Martial arts makes you feel good |

Martial arts makes you feel good

Martial arts training doesn’t have to be painful.

Aikido is a martial art that teaches students to defend themselves against attack without causing pain or injury to their adversaries. Founded by Morihei Ueshiba in Japan in the 1930s, aikido derives from the more violent martial art of Daito Ryu Aiki Jujitsu.

Mark Dulyanai, instructor at Blue Lakes Aikido in South Lake Tahoe, said aikido is an effective means to resolve violent conflict through nonviolent means.

“It is a philosophy where, as a defender, you have a responsibility to protect and care for your attacker,” Dulyanai said. “You are working with the partner as opposed to working force against force.”

The basic tactics of aikido involve blocks and throws using the other person’s momentum. Dulyanai said aikido sends a good message about solving conflicts peacefully.

“With the Western mind if you have a force up against you, you meet it with more force,” Dulyanai said. “With aikido you meet it by turning it and letting it go by and directing it into a throw. In our society there is a lot of violence. Aikido is a way of looking at violence coming at you and dealing with it. You don’t have to respond to confrontation with violence.”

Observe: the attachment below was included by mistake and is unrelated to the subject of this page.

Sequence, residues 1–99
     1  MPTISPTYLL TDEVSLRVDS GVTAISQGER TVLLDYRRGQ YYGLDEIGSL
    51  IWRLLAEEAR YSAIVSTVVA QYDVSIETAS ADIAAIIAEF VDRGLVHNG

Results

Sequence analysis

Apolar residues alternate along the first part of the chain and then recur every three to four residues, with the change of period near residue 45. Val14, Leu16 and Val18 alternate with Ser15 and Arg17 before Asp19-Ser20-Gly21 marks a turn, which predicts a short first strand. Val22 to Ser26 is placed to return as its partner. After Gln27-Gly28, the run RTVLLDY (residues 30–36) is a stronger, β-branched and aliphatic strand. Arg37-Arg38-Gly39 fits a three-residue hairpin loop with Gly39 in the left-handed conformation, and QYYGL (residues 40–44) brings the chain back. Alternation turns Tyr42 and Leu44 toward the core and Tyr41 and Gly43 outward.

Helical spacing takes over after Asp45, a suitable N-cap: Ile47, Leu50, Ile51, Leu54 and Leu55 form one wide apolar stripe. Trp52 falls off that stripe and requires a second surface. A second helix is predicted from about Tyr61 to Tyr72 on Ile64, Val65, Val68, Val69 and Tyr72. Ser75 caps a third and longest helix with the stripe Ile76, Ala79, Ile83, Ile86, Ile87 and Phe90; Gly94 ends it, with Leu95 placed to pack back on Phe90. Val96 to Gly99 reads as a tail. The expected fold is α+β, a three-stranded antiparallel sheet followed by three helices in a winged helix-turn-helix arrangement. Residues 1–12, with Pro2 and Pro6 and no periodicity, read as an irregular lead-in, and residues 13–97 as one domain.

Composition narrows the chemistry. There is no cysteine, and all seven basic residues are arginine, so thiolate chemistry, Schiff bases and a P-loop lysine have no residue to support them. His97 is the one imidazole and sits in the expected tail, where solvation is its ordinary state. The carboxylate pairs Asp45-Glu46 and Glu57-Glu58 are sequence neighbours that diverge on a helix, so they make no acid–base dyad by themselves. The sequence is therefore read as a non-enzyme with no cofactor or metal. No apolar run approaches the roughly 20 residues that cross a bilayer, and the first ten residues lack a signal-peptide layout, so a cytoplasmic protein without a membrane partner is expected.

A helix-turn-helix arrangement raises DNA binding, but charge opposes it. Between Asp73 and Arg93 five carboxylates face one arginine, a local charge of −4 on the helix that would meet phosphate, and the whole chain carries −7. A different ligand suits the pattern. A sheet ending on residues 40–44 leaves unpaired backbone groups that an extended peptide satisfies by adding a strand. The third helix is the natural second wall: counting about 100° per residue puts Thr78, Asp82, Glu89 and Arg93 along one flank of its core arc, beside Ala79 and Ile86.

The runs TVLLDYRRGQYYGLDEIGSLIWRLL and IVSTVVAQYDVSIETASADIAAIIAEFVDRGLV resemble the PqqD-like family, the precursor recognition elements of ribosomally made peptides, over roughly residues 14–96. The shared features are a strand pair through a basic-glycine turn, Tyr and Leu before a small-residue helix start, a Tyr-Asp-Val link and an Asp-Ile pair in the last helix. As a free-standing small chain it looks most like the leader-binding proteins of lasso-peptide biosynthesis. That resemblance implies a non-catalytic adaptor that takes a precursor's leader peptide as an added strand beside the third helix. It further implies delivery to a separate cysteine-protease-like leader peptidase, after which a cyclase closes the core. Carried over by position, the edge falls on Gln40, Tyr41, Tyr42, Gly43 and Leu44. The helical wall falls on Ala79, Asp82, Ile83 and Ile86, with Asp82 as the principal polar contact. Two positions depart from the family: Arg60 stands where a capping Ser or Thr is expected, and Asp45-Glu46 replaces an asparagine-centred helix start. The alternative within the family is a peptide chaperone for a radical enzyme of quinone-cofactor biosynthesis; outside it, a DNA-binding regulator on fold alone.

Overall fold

Aikido, like other martial arts, requires a high level of mental discipline. Dulyanai said it attracts people who are looking for balance between their physical and mental nature.

Blue Lakes student Nico Castano said he enjoys the combination of physical activity and positive message.

“It is a martial art so you’re getting a lot of exercise but it is also philosophically nonviolent, which agreed with me,” Castano said. “I feel like it slowly affects how people live their lives. People fill themselves up with love and then they can take it home to their families. For me aikido is really about self-expression.”

Dulyanai said aikido helps people learn to avoid conflict before it starts.

“The really important part is observing what is going on from an objective state of mind and orienting yourself to your situation, deciding on what to do and then doing it,” Dulyanai said. “For self-defense your first line of defense is observing what is going on around you. With awareness going into a situation almost any confrontation is going to be nipped in the bud.”

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